Oracle migration insights from the real-world customer use cases | DBMS_OUTPUT ≠ RAISE NOTICE
Published Aug 22 2023 10:47 AM 3,654 Views
Microsoft

Introduction

If you're a PLSQL developer, it's highly improbable that you haven't leveraged DBMS_OUTPUT in your code. This essential package often proves indispensable for debugging extensive pieces of code. By inserting console messages at critical junctures within your code, you're able to debug and untangle complexities. However, it's worth noting that occasionally, an unintended consequence arises—numerous DBMS_OUTPUT console messages inadvertently find their way into the production codebase.

 

DBMS_OUTPUT lacks an inherent mechanism for establishing a configurable debug level that can be seamlessly deactivated within a production environment.

 

Now, envision a scenario where a codebase with hundreds of DBMS_OUTPUT instances, undergoing a transformation to PL/pgSQL through ORA2PG or similar tools. This process transforms each DBMS_OUTPUT occurrence into a RAISE NOTICE counterpart.

 

Curiously, there exists a common misunderstanding that RAISE NOTICE functions similarly to DBMS_OUTPUT. However, this notion is quite detached from the actual reality.

 

In this blog, we will see with examples what are the key differences between them and how to improve your code by using features of RAISE.

 

What are the key differences?

  • Oracle’s DBMS_OUTPUT

It is an inbuilt package that outputs messages to the console. It can be called from any PLSQL block, stored procedure, or function and is used mainly for debugging purposes.  

It is very fast and consumes minimal resources because it buffers the output messages before displaying them. This buffering allows multiple messages to be collected and displayed together, reducing the frequency of context switches between the PL/SQL engine and the output display. This minimizes the overhead of displaying each message individually, leading to improved performance.

 

  • PostgreSQL’s RAISE

RAISE command is used for all types of logging and messaging in PL/pgSQL, including errors, warnings, and debugging. It has various levels which can differentiate between types of logging. Ora2PG and similar codes usually convert DBMS_OUTPUT to RAISE NOTICE.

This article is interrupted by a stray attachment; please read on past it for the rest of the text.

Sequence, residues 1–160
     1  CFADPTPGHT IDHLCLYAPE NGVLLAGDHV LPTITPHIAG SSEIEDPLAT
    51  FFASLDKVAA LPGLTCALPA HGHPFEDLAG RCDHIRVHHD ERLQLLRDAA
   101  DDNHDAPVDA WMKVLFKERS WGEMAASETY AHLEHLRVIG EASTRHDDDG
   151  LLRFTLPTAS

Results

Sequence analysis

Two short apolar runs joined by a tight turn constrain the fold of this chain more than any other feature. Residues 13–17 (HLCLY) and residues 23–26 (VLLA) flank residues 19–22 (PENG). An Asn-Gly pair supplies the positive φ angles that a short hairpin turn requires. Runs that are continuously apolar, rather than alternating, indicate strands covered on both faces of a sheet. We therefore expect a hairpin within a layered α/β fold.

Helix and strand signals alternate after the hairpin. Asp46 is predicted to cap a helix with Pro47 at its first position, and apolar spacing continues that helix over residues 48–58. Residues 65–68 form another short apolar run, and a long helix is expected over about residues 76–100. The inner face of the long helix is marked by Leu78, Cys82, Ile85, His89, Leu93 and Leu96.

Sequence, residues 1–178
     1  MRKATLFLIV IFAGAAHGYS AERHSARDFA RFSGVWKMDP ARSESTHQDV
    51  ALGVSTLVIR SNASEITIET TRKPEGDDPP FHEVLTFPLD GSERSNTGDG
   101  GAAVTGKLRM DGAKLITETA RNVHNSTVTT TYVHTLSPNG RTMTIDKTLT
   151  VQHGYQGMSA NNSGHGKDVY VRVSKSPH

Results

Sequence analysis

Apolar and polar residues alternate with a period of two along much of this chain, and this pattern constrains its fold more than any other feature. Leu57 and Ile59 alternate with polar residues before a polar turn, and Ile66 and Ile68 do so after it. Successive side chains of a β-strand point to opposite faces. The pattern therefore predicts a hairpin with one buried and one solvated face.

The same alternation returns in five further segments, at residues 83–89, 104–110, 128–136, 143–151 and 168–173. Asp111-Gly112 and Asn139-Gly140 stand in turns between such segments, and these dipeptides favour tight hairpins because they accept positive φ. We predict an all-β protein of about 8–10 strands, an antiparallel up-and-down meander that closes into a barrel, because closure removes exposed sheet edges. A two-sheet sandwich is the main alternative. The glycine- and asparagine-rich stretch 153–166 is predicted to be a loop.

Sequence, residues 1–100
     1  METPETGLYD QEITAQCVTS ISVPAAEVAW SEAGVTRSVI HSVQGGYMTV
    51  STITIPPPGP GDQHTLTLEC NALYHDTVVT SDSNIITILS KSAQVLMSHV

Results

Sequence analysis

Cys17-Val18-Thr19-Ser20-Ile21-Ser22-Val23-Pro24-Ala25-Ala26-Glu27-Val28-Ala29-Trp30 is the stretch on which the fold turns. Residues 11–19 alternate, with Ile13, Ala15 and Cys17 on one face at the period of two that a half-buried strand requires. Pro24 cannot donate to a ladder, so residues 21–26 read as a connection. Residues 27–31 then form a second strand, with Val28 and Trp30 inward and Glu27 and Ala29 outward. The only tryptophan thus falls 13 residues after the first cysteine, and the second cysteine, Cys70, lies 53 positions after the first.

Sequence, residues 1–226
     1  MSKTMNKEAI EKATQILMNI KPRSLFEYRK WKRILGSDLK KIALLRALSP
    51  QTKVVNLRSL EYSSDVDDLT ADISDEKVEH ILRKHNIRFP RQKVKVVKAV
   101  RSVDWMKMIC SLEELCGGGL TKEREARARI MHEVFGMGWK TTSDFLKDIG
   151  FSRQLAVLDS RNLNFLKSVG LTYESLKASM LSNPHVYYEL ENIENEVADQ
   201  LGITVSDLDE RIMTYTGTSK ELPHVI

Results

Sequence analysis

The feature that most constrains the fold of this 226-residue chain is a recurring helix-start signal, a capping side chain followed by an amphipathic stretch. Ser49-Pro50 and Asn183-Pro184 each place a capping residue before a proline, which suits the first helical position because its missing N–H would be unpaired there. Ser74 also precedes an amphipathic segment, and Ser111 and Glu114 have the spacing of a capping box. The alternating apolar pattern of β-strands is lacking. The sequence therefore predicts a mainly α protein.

It is not very efficient as DBMS_OUTPUT because RAISE NOTICE generates synchronous output. This means that before control returns to the caller, the message must be fully written to the log, causing a potential delay in the execution of the code. This synchronous behavior can impact performance, especially in scenarios where rapid or frequent messages are being generated. Also, displaying output messages involves context switching between the execution context and the logging mechanism. This context switching can introduce overhead and impact the overall execution speed of your code.

 

From the above explanation, it is evident that DBMS_OUTPUT is more efficient in displaying messages as compared to RAISE.

 

Test it out.

Let’s test it out by displaying a hundred thousand console messages in a loop.

 

Run the following block on the Oracle database.

 

 

 

 

DECLARE
    counter INTEGER := 1;
BEGIN
    WHILE counter <= 100000 LOOP
        DBMS_OUTPUT.PUT_LINE('This is loop iteration number ' || counter);
        counter := counter + 1;
    END LOOP;
END;

 

 

 

 

Run the following block on PostgreSQL.

 

 

 

 

DO $$
DECLARE
    counter INTEGER := 1;
BEGIN
    WHILE counter <= 100000 LOOP
        RAISE NOTICE 'This is loop iteration number %', counter;
        counter := counter + 1;
    END LOOP;
END $$;

 

 

 

 

Outcome:

  • Oracle PLSQL took 121 milliseconds whereas Postgres took 51.43 seconds which is almost 500 times slower than Oracle.
  • The size of both the databases are similar but having a larger sized database will have a miniscule effect on the test results.
  • From this test, it is evident that buffering and less context switching made DBMS_OUTPUT much faster than RAISE.

 

What are some of the ways in which this can be improved?

RAISE is a powerful command that was not built for only displaying messages. It can evaluate and display messages based on the minimum level selected. Allowed levels are DEBUG, LOG, INFO, NOTICE, WARNING, and EXCEPTION. Therefore, it is essential that RAISE NOTICE is not considered just a like-to-like replacement for DBMS_OUTPUT. 

 

Following are some points to consider when converting the code to PL/pgSQL.

  • Get rid of unwanted messages – This can be a massive effort if the code base is large, but it is an extremely important step to make the new code more maintainable and efficient. It is also the easiest in terms of complexity.
  • Categorize the messages – Categorizing the messages appropriately helps in taking advantage of minimal logging parameters and allowing debug/info messages to evaluate only on dev-test databases and not production.
  • Set log_min_messages appropriately – The default level is WARNING in Azure Postgres Flex. This means that RAISE WARNING and higher will always be outputted. 

 

Final Thoughts

Postgres allows you to select what logging level to use in which environment making it simpler to switch on/off debug messages.

Using RAISE judiciously sounds like a trivial idea but can improve performance and efficiency immensely. This is often overlooked because not everyone understands the performance implication of using too many console messages in the code on Postgres.

 

Feedback and suggestions 

If you have feedback or suggestions for improving this data migration asset, please contact the Azure Databases SQL Customer Success Engineering Team. Thanks for your support!

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‎Aug 22 2023 10:56 AM
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